July 21, 2016 | As we say farewell to Betsy Pochoda, who moves on to her next adventures after eight years at the helm of ANTIQUES, we welcome Gregory Cerio as the new editor. A man of wide-ranging interests and well-chosen words, Greg is no stranger to our office, as he was the founding editor of our sister magazine MODERN and has written for both publications over the years. His answers to our questions below should give readers a fine idea of who he is and why we are delighted to be in his hands moving forward.
Tell us a bit about your background and the influences that shaped your interests in art and architecture.
My interest in architecture and the decorative arts came partly by osmosis. My hometown, Annapolis, Maryland, is fortunate to have a powerful and long-established historical preservation society. As a result, I grew up among the finest concentration of eight eenth- and early nineteenthcentury houses and public buildings in the country—as well as the Beaux-Arts piles …» More
July 11, 2016 |
It has been something of a long goodbye, my planned departure from these pages, and yet it has taken all of five months to arrive at the right successor. Now we have—Gregory Cerio, an old friend as it happens, whom you will meet on the last page of this issue. We are all pleased. We know Greg as someone with an unyielding faith in the arts of the past and a keen sense of how to give them a lively presence today.
And so to this, my last outing as editor of ANTIQUES and our annual (mostly) folk art issue, always a favorite of mine. When I started here in February of 2008 I was looking for ways to inject some joy into that sour era of financial collapse and cultural dismay. Folk and outsider art certainly showed me one inviting avenue. I have come to value the way they have liberated art history, opening it to everyday life, relaxing our approach to the sublime in museums, private collections, and especially in this magazine. Pop art did something of the same thing, but folk a…» More
May 16, 2016 | Glenn Adamson joins us this month as editor at large with an interesting mandate you can read about below. Glenn was most recently director of the Museum of Arts and Design. Before that he was head of research at the V&A, and curator of the Chipstone Foundation.
The Magazine ANTIQUES: In your column you will think through difficult matters that confront the arts just now, beginning with the problem of ivory. What other issues might interest you?
Glenn Adamson: What interests me most about the column is its timeliness. My plan is to keep an eye on the morning paper, and see what objects from the past come to mind. Right now the refugee issue feels urgent, as does the Black Lives Matter campaign. So those may inspire my next two columns. But I’m also keeping an open mind.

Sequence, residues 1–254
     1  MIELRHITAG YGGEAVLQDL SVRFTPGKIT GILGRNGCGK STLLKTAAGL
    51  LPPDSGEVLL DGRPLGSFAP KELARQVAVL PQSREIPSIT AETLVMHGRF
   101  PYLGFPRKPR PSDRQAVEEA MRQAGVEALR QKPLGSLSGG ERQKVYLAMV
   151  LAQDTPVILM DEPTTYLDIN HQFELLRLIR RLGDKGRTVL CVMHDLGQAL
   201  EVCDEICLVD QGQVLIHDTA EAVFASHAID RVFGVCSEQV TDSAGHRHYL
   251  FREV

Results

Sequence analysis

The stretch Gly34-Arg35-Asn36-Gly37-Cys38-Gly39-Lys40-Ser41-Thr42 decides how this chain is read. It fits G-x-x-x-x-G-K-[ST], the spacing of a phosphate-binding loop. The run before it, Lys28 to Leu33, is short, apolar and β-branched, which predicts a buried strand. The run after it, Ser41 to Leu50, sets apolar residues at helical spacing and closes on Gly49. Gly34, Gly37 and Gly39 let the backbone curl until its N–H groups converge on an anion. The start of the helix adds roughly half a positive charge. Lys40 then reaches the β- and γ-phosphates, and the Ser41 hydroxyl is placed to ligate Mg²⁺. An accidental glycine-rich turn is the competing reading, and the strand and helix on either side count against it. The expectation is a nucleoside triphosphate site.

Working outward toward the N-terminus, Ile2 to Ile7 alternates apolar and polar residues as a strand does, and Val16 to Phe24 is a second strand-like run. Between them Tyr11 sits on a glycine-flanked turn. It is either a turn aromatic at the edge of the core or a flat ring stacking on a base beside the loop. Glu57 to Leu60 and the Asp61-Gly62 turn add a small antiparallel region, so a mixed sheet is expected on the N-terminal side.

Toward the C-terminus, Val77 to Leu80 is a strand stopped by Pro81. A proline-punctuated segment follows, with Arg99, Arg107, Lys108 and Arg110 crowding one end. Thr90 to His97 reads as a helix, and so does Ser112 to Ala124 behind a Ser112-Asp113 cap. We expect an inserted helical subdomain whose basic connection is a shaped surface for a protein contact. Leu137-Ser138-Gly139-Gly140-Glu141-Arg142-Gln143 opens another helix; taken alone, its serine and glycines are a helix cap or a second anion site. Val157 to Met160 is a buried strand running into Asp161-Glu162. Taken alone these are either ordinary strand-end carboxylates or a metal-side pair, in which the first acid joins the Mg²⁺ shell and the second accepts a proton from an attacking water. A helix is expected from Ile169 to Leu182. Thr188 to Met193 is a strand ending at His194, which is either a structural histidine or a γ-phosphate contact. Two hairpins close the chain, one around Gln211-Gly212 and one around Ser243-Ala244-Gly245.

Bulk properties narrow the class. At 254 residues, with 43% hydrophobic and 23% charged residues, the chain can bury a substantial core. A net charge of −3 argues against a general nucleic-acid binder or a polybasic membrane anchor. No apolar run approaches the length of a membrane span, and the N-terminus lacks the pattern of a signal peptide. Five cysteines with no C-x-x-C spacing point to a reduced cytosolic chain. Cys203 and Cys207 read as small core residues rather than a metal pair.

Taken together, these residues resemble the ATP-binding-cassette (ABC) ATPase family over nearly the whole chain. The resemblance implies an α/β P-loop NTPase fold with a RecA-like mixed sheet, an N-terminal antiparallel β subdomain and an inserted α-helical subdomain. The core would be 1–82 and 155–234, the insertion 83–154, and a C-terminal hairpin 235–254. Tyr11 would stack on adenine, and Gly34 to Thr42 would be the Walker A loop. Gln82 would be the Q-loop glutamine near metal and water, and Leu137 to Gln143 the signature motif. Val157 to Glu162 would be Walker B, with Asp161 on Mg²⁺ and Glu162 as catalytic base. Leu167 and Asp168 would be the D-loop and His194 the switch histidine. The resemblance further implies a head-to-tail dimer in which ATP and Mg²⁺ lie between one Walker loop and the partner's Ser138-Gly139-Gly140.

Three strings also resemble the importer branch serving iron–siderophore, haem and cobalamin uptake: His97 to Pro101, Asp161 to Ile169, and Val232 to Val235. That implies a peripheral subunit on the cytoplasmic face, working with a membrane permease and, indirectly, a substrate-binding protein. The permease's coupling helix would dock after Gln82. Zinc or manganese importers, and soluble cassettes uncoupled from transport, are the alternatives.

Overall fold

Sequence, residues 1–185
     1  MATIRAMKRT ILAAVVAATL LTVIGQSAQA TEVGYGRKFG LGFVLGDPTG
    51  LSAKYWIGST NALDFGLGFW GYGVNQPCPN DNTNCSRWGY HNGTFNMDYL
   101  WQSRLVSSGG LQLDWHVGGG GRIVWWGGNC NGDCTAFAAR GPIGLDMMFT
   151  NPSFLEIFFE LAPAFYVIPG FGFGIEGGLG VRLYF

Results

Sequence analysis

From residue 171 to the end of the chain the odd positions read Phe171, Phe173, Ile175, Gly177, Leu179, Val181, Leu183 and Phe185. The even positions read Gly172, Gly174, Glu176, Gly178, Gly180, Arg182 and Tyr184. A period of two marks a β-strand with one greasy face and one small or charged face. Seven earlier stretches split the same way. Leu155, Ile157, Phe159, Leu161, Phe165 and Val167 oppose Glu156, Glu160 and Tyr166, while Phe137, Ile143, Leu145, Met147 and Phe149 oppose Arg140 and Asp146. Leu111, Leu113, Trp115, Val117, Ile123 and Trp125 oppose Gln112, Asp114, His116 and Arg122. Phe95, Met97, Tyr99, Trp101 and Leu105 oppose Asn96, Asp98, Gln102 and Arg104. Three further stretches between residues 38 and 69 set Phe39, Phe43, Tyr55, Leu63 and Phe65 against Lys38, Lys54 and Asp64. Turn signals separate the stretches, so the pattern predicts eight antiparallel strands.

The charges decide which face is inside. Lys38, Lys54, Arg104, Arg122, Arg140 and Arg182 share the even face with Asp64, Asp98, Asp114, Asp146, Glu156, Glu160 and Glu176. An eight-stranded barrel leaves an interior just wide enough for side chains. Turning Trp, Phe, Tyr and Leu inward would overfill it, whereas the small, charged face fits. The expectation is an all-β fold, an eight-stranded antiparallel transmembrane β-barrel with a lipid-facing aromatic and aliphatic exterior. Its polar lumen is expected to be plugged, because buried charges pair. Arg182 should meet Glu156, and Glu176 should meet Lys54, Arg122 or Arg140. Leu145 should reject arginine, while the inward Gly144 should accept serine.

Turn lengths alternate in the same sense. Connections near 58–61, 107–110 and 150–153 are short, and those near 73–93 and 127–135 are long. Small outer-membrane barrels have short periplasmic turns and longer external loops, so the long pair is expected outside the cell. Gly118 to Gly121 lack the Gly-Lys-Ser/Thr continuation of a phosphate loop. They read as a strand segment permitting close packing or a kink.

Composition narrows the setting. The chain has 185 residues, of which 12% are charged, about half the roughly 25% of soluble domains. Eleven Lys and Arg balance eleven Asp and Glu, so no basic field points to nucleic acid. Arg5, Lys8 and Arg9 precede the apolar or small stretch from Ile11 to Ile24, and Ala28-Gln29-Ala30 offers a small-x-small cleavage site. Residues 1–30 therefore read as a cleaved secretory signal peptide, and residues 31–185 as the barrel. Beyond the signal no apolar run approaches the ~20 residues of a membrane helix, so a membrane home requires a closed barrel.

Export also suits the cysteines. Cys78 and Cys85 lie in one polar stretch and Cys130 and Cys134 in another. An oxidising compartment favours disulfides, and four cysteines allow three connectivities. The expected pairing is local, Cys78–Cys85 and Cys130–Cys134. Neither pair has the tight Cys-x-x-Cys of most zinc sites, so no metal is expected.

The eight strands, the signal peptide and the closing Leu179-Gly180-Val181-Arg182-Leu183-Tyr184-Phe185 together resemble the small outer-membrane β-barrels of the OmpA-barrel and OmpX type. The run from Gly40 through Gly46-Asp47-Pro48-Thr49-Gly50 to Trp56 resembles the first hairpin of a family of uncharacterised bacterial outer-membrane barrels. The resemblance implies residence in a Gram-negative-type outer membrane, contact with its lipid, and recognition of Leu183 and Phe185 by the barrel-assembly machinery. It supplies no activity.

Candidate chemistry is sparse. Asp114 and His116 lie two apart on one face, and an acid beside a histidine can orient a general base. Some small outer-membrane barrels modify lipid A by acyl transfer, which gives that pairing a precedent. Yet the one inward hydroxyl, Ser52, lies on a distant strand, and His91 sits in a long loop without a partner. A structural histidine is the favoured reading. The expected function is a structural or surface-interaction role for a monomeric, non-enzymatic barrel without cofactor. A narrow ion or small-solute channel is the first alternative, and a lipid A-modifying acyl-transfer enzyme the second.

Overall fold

TMA: Is the column meant to be political?
GA: Yes, but not in a partisan sense. My goal is to find a middle way through the oppositional politics of our time. Historical artifacts are multi valent, textur…» More
March 8, 2016 | At the moment, Philadelphia’s Fabric Workshop and Museum has a national reputation though it is less well known around town. In one respect it is a little like its founder, the late Marion “Kippy” Boulton Stroud, who was both bold (and bossy) but surprisingly self-effacing. Unlike the Rosenbach or the Barnes, to name two of the city’s other idiosyncratic museums, FWM is something of a high-wire act, an ongoing experiment in the very definition of what this institution is and can be.
That openness should help FWM survive the demise of Kippy Stroud. You see it everywhere, starting at the classy gift shop near the entrance, where Tracey Blackman, the shop’s director, draws you into conversation while dispatching employees to do repairs, checking on meetings, and describing the shop’s artist-designed ties, napkins, hand-bags, and ceramics. You get the sense that she might even hondle with you if you couldn’t come up with the necessary cash. Tracey is improvising. Ever…
March 8, 2016 |
The American Revolution has a hit on its hands with Hamilton, the hip-hop musical currently lighting up Broadway. “Who lives, who dies, who tells your story,” the cast sings in its sly retooling of our republic as the story of Alexander Hamilton’s rise through the imperial city of New York (“History is happening in Manhattan and we just happen/to be in the greatest city in the world...”).
But wait. Wasn’t Philadelphia the cradle of liberty and our first capital? Wasn’t it in Philadelphia that Hamilton orchestrated the consolidation of federal power, and was it not, moreover, Philadelphia where his busy libido came to grief and scandal? Yes, but... Hamilton loved New York and lobbied hard for it as the temporary capital; Philadelphia was his third or fourth or fifth choice, so I guess you can say that at this late date he finally got his way. He usually did.
So we will stand up for the lesser-known glories of Philadelphia in this issue (timed in part to its April antiques sh…» More
[Compiled by Bill Stern, Executive Director at the Museum of California Design, Los Angeles. Originally published in "Curator's Eye" in Modern Magazi» View All